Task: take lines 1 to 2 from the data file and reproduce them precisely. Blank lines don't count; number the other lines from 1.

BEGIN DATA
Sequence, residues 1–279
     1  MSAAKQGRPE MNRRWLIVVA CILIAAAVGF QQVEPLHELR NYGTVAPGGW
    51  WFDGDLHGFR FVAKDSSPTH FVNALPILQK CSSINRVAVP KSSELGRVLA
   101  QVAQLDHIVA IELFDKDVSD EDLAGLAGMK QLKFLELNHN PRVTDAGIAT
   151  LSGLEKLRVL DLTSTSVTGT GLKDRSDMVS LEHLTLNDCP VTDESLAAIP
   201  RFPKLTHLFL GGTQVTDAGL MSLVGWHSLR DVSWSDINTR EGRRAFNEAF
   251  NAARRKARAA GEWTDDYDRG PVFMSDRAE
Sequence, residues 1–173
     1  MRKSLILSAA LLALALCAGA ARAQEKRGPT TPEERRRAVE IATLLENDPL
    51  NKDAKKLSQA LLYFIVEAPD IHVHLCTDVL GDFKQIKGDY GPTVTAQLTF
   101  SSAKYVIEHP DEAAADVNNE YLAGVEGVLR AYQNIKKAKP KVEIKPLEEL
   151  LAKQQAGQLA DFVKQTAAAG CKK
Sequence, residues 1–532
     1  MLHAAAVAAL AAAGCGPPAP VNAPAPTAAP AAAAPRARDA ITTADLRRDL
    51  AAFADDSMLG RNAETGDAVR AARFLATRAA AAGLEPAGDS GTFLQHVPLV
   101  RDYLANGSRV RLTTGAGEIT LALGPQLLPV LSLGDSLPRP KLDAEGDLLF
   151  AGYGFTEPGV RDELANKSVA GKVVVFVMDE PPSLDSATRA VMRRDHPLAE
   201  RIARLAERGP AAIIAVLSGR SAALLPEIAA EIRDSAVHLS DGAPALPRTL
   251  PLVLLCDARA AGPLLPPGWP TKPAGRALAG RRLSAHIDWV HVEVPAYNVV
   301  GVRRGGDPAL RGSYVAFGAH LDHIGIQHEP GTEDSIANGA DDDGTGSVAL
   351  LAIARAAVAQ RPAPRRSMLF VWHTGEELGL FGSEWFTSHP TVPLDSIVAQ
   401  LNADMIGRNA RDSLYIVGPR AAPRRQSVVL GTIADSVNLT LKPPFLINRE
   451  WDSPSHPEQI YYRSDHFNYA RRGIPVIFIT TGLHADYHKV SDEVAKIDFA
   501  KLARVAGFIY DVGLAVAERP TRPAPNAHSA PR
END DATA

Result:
Sequence, residues 1–279
     1  MSAAKQGRPE MNRRWLIVVA CILIAAAVGF QQVEPLHELR NYGTVAPGGW